Culinary-themed programs often make for some of the best travel shows because they take viewers around the world to explore the cuisines of various cultures. Salt Fat Acid Heat, which is hosted by chef and author Samin Nosrat and based on her book of the same name, stands out because of the way it explores the four elements of the series’ title and why they’re the key to great cooking. Although the series is just four episodes, it takes viewers from the olive orchards of Italy to the shores of Japan as Nosrat attempts to learn all she can about the use of salts, fats, acids, and heat in the kitchen. By the end of the show, you’ll have traveled the world and hopefully learned a little bit more about the food you eat—and how to be a better cook as well.
While you can’t properly visit some of the places featured in Our Planet, Netflix’s answer to the BBC’s Emmy-winning documentary series Planet Earth, you’ll learn a lot about the place we call home and its different ecosystems without ever having to leave your couch. Narrated by Sir David Attenborough, the series travels from jungles and grasslands to the tundra and oceans. Each episode highlights the world’s natural beauty through the unifying lens of climate change, and how it’s threatening more than just human life on Earth. This groundbreaking docuseries makes excellent use of awe-inspiring visuals, but it’s also educational, and hopefully you’ll come away from it with a better understanding of what’s at stake when we talk about humanity’s influence on plant life, the animal kingdom, and the marine world.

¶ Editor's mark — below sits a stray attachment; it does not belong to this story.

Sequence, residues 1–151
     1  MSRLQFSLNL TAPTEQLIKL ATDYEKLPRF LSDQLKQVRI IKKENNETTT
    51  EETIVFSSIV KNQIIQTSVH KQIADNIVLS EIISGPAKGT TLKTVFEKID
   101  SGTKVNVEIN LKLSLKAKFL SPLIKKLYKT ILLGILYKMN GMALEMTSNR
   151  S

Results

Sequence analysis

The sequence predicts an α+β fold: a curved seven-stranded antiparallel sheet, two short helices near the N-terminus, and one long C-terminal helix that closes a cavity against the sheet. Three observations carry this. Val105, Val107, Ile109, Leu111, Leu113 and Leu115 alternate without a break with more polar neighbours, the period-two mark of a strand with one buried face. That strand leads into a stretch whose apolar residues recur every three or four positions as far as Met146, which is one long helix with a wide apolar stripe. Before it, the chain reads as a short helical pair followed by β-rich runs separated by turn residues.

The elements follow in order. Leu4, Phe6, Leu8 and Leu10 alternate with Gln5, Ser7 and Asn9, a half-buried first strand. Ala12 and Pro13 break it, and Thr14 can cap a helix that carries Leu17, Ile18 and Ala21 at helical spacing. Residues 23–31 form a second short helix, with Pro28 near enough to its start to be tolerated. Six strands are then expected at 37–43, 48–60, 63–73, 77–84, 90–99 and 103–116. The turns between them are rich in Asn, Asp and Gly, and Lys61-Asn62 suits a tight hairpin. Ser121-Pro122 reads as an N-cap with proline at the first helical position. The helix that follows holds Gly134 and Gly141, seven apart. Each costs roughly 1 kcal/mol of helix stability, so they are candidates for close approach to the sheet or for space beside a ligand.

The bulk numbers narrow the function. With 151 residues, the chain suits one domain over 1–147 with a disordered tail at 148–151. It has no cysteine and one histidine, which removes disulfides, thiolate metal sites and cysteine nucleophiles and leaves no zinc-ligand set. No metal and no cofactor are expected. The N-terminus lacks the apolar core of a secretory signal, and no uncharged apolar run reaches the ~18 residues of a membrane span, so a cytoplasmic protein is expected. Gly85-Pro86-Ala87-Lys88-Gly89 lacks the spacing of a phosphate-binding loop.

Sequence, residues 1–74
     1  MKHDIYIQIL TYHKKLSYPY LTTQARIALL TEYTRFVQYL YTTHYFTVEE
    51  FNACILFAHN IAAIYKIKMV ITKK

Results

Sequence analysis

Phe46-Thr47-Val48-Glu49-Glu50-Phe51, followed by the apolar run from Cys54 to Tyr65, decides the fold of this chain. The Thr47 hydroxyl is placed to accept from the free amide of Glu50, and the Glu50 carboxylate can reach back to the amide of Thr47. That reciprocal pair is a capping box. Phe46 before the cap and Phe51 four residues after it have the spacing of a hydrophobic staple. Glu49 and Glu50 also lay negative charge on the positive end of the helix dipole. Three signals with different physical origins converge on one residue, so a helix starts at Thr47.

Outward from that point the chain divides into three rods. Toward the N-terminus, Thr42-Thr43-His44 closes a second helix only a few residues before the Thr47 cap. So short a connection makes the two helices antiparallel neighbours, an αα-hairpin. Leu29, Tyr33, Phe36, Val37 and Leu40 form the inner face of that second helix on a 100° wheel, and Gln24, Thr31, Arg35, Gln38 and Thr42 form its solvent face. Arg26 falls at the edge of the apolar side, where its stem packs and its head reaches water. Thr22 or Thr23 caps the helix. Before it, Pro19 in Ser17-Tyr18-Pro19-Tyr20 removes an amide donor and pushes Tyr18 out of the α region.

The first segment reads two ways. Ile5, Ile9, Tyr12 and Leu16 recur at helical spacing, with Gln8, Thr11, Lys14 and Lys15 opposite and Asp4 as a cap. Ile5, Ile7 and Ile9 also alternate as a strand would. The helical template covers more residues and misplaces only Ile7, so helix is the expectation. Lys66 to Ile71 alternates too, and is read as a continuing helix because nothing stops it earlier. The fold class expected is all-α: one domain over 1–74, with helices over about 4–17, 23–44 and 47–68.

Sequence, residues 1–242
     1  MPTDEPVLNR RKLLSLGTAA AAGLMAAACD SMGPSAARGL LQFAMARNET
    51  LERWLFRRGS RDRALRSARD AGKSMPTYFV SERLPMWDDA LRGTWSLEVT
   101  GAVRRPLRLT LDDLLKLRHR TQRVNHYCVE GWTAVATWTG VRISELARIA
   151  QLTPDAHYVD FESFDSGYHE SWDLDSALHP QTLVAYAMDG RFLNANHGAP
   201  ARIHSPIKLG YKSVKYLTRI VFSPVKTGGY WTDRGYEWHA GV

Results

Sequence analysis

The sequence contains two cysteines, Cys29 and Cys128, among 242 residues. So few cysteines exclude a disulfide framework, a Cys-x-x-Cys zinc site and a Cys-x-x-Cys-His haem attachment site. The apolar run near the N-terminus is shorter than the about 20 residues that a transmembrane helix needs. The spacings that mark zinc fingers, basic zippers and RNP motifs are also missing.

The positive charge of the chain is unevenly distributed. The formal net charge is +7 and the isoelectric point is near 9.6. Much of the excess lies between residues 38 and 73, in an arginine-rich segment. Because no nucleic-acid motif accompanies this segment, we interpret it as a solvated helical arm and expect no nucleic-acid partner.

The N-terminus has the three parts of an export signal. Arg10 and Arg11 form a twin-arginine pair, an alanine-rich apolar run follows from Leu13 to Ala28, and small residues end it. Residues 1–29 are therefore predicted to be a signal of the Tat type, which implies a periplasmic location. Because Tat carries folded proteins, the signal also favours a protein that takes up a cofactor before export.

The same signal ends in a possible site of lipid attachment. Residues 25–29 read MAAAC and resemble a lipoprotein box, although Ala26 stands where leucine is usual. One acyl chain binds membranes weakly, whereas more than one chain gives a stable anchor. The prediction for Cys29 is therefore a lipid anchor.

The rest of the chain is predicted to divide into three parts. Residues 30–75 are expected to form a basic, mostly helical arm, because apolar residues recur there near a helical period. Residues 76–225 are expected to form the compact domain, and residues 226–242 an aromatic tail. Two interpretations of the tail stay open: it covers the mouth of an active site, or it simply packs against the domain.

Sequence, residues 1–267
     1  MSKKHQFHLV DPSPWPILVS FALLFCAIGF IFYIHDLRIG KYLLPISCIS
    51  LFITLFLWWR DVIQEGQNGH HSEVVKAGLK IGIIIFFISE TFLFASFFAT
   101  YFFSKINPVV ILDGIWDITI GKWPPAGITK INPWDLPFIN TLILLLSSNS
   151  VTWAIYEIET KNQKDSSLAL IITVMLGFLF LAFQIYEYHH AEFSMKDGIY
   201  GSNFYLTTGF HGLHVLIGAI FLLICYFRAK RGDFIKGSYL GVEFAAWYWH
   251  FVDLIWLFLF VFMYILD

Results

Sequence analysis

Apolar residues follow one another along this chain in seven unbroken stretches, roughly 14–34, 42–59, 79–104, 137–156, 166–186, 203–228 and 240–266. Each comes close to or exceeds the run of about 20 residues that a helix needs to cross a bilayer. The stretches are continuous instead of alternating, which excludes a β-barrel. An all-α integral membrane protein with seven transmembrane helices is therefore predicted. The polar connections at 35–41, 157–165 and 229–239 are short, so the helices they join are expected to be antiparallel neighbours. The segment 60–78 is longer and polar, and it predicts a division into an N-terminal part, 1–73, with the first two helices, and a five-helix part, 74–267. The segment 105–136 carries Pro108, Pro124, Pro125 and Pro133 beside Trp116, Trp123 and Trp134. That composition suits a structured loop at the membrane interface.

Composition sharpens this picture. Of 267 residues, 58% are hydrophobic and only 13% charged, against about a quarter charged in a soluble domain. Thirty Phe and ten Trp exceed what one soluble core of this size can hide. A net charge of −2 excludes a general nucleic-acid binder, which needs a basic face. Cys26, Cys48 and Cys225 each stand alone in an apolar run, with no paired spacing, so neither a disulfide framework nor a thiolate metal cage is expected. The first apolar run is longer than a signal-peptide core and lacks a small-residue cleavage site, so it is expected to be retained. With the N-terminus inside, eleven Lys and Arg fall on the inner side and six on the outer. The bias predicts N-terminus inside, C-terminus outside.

You’d be hard-pressed to find a better or funnier travel documentary series about food and culture than Somebody Feed Phil, which is a successor of sorts to I’ll Have What Phil’s Having,” which aired on PBS. In the show, Everybody Loves Raymond creator Phil Rosenthal travels around the world, tasting and experiencing the local delicacies of various cities and countries. You’ll learn a lot about different cultures, and you’ll laugh a lot along the way, because Rosenthal’s charm and sense of humor are infused in every moment of what might also be one of the most comforting shows on Netflix.